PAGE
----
Fundamental investing in 3 steps

Essentially, fundamental investing is about assessing cash flows, reexamining assumptions and staying updated on new developments

Fundamental investing in 3 steps

Early in August, the SEBI invited public comments on ways to introduce limits on algo trading. Traders were disappointed at the attempt of the regulator to impose restrictions in ways that would reduce their ability to benefit from high-powered computers, co-located with exchange servers to provide that nanosecond advantage before prices are available to all. Interestingly, the thrust of the SEBI's approach seems to be to reduce the advantage of high-frequency traders only - slow-moving algorithms are unlikely to be affected.

While the debate rages on about the need and trade-offs for imposing restrictions, Mark Mouboussin of Credit Suisse put out a note on traits that make for great fundamental investing. In an era dominated by high computing power, it is instructive to re-look at the principles and requirements that drive investment performance.

Ten attributes - in three
Mouboussin's note makes a list of ten attributes. Now, most such lists end in ten not because of any intrinsic feature of the subject in hand but because it appears to be a reasonable length - an adequate trade-off between too long and two short. I will summarise this into a list of three - my favoured length - beyond which, dear reader, I will likely lose your attention.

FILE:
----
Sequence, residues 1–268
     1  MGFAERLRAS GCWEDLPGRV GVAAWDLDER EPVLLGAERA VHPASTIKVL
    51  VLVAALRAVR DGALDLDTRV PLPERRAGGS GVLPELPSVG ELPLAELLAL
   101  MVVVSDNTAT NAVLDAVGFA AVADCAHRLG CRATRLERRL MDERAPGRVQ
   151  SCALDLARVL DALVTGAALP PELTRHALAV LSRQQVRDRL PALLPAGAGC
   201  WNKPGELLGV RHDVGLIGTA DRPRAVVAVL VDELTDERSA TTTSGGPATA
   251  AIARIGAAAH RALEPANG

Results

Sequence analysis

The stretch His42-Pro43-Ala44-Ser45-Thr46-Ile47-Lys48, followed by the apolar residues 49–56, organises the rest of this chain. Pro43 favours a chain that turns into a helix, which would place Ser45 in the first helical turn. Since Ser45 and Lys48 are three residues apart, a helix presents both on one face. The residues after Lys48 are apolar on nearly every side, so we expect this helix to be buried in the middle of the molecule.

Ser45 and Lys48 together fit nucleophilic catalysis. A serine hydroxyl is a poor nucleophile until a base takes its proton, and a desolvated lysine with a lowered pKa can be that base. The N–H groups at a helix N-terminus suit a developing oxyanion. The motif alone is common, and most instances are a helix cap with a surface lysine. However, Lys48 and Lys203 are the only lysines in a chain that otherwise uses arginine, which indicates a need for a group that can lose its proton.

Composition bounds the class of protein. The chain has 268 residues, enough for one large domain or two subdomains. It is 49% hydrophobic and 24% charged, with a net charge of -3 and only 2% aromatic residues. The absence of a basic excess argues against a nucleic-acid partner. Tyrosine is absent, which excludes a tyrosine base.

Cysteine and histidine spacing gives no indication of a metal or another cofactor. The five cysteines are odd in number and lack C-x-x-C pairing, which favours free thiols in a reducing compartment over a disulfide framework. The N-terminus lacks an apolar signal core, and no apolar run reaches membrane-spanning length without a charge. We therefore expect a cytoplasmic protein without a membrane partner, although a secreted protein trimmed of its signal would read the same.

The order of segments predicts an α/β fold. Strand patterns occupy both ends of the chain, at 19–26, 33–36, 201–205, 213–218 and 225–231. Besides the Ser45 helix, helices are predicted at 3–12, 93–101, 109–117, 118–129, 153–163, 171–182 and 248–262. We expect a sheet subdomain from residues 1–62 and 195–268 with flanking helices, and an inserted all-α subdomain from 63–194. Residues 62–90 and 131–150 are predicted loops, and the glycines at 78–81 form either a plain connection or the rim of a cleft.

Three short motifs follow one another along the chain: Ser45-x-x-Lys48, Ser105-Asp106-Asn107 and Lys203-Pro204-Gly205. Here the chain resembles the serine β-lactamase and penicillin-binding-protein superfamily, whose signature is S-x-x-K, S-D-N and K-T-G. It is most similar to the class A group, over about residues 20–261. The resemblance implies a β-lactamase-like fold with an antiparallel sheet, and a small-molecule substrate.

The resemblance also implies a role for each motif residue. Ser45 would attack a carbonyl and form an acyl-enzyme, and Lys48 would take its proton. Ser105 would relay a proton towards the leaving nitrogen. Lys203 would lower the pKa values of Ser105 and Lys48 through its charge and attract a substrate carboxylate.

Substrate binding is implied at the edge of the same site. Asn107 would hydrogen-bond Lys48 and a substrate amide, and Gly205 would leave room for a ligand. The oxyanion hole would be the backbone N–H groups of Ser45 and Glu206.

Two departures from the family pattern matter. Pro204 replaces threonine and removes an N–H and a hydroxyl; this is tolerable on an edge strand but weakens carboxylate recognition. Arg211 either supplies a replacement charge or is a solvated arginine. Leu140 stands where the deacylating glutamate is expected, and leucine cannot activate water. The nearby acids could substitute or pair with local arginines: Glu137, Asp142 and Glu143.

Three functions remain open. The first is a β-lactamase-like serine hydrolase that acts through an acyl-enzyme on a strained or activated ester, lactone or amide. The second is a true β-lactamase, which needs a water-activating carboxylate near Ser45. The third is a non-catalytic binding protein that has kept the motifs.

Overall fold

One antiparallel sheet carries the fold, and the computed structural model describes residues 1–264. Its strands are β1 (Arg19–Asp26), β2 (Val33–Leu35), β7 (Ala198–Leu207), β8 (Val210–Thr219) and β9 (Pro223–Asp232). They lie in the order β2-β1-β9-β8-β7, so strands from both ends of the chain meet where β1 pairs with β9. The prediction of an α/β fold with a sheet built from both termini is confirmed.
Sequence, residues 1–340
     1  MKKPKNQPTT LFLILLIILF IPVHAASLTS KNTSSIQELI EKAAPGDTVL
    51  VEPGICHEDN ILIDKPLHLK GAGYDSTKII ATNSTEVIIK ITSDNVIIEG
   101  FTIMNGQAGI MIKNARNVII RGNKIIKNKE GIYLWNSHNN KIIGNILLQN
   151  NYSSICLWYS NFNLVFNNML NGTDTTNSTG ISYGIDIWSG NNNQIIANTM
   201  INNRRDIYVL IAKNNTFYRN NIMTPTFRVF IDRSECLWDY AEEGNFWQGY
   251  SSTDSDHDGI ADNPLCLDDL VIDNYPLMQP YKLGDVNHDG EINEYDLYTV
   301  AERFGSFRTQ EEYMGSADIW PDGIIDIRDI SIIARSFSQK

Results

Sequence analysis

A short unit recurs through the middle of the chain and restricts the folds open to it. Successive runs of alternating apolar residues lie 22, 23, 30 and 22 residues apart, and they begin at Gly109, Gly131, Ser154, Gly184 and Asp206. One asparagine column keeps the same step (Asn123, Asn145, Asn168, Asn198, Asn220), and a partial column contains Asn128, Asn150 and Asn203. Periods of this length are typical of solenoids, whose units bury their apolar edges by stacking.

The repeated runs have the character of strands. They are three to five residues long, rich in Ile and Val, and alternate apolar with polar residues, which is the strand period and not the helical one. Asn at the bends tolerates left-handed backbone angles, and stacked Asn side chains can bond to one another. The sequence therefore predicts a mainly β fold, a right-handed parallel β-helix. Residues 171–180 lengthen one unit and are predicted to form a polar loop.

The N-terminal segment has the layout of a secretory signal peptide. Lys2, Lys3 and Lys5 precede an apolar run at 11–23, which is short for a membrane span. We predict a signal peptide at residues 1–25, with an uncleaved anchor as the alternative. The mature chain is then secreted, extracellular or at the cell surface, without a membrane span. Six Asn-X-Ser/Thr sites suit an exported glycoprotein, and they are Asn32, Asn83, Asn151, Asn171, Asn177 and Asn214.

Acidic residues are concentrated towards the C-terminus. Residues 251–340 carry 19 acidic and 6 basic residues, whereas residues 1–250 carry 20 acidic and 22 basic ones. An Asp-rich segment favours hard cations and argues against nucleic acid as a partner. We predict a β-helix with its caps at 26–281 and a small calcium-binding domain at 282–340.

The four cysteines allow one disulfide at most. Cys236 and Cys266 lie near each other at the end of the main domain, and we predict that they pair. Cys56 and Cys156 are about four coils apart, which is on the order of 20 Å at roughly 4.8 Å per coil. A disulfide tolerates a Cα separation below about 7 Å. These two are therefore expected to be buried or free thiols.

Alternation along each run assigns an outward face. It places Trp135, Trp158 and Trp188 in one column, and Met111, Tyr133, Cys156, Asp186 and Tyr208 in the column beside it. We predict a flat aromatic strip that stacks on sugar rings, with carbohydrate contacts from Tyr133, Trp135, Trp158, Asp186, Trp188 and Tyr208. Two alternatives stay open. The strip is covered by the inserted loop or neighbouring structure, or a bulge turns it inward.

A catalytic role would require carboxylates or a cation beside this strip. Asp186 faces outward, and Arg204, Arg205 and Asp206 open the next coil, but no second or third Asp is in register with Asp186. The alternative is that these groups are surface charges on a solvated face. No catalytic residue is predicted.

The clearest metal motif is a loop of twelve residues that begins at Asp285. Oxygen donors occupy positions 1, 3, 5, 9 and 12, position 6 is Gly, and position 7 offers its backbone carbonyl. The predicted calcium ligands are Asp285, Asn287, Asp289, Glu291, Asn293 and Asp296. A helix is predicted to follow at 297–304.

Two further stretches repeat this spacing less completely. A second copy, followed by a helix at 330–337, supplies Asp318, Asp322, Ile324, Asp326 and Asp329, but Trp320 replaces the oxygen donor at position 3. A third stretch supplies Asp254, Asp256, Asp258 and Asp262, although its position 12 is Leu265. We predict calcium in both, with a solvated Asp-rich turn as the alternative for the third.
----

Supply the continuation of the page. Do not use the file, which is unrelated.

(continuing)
Know the business: 'Cash is fact; profit is an opinion' - Al Rappaport
Financial statements are the starting point of investing. They present an investor with a snapshot of financial position of a company. Most investing revolves around earnings and earnings growth. However, it is well known that what drives 'value' in a company is not its profits (which can be increased by financial engineering) but its ability to generate an economic return over the cost of capital. Companies that consistently generate a rate of return higher than the cost of capital are likely to be doing something that is difficult to replicate - and this requires understanding the competitive position of the company. Fundamental investing is about estimating the present value of future cash flows and that requires understanding the magnitude and timing of free cash flows over time.

Besides its competitive position, it is also important to understand 'unit-cost economics' - what really drives the cash flow of companies. For example, is each transaction with a client making money or is it based on multiple transactions with the client before the company makes money, i.e., is the cost of acquisition of clients high or low? This will determine how easy it will be for new entrants to chip away at the business of incumbents and consequently how much you should pay for this forecast cash flow.

The most-important aspect of this analysis is to understand that these are forecasts - and therefore prone to errors. It is necessary to think probabilistically - the expected value of future cash flows needs to exceed the expected value of cost of capital for the investment to work. And almost as a corollary, it is important to update expectations as fresh information comes in that changes future estimates, which bring up the next point.

Know yourself: 'Beliefs are hypotheses to be tested, not treasures to be protected'